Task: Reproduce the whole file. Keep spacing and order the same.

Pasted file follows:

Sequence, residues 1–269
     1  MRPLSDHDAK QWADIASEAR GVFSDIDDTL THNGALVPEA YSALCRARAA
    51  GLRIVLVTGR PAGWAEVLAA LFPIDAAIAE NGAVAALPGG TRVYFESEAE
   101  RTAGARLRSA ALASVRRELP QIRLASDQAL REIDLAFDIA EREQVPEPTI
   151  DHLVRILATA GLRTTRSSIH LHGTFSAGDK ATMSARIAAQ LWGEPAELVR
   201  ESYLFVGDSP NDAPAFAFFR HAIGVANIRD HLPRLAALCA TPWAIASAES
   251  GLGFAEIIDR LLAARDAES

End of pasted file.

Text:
Sequence, residues 1–269
     1  MRPLSDHDAK QWADIASEAR GVFSDIDDTL THNGALVPEA YSALCRARAA
    51  GLRIVLVTGR PAGWAEVLAA LFPIDAAIAE NGAVAALPGG TRVYFESEAE
   101  RTAGARLRSA ALASVRRELP QIRLASDQAL REIDLAFDIA EREQVPEPTI
   151  DHLVRILATA GLRTTRSSIH LHGTFSAGDK ATMSARIAAQ LWGEPAELVR
   201  ESYLFVGDSP NDAPAFAFFR HAIGVANIRD HLPRLAALCA TPWAIASAES
   251  GLGFAEIIDR LLAARDAES